Source: Gerd Altmann/Pixabay, used with permission
We breathe to sustain life but, aside from its most essential role, breathing supports the health of your body and mind in many other ways. More specifically, your breathing rate and patterns help regulate various body systems. For instance, adjusting your breath can help stabilize your respiratory system, blood flow, heart rate, and autonomic nervous system, which helps manage blood pressure, digestion, sexual arousal, and other body functions. In recent years, scientific studies have have also begun to focus on the effects of breathing and breathing patterns on mental health and cognitive abilities. Researchers are especially looking at the effects of slow breathing, or reducing your respiratory rate, on both the body and the brain.
Respiratory rates in humans are generally within the range of 10-20 breaths per minute. Slow breathing brings the range down to four to 10 breaths per minute. Several forms of slowed and controlled breathing, such as nasal breathing, abdominal breathing, and vocalized or chanting breathing, have been used for centuries in yoga and meditation practices around the world. Until the past few decades, however, the mechanism and effects of breath control and different types of breathing have been mostly ignored by scientific researchers and medical practices.
Deep, slow breathing has a direct effect on brain activity via the vagus nerve, which follows a path from the brain to the abdomen and activates a relaxation response that calms you down. This is why you can use your breath to remain or regain a feeling of calm, slow your heartbeat, and stabilize your blood pressure when you are feeling anxiety, anger or stress in a difficult situation. The plasticity of your brain allows it to change and remold as you continue practicing deep, slow breathing exercises. With a regular breathing practice, you can train your mind to better handle stress and avoid its worst effects on your mind and body.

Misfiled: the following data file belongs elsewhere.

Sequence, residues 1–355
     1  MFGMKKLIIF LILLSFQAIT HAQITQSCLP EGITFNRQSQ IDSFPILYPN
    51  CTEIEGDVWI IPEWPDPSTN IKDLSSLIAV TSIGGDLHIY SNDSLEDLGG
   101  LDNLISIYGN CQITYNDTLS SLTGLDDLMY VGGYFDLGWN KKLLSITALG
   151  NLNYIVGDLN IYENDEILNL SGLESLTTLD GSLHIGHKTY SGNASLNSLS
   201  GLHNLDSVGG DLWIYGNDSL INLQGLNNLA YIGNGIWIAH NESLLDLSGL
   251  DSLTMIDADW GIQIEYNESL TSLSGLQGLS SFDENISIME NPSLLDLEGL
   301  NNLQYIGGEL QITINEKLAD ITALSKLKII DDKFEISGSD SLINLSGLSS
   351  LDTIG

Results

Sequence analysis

For now, scientists have established a connection and what may be a reciprocal relationship between respiration rhythms and emotional, behavioral, and cognitive functions. Just as the brain sets the rate and rhythm of your breathing, your breathing evidently influences many activities in the brain, such as those that affect emotions and cognition. For instance, if you find yourself taking a deep nasal breath before or during a mental task that involves remembering, problem solving, reasoning, or decision making, that breath may help your mind work better.
While there is still a great need for more research into the physical and mental effects of controlled breathing, there are already many documented benefits to the cardiovascular, respiratory, autonomic, endocrine and brain structure of healthy people and of those with health issues, such as asthma and physical or mental stress. For example, breathing exercises have been found to improve lung function and quality of life in people with asthma. And just one session of controlled deep and slow breathing has been shown to reduce stress and anxiety in both young and older adults.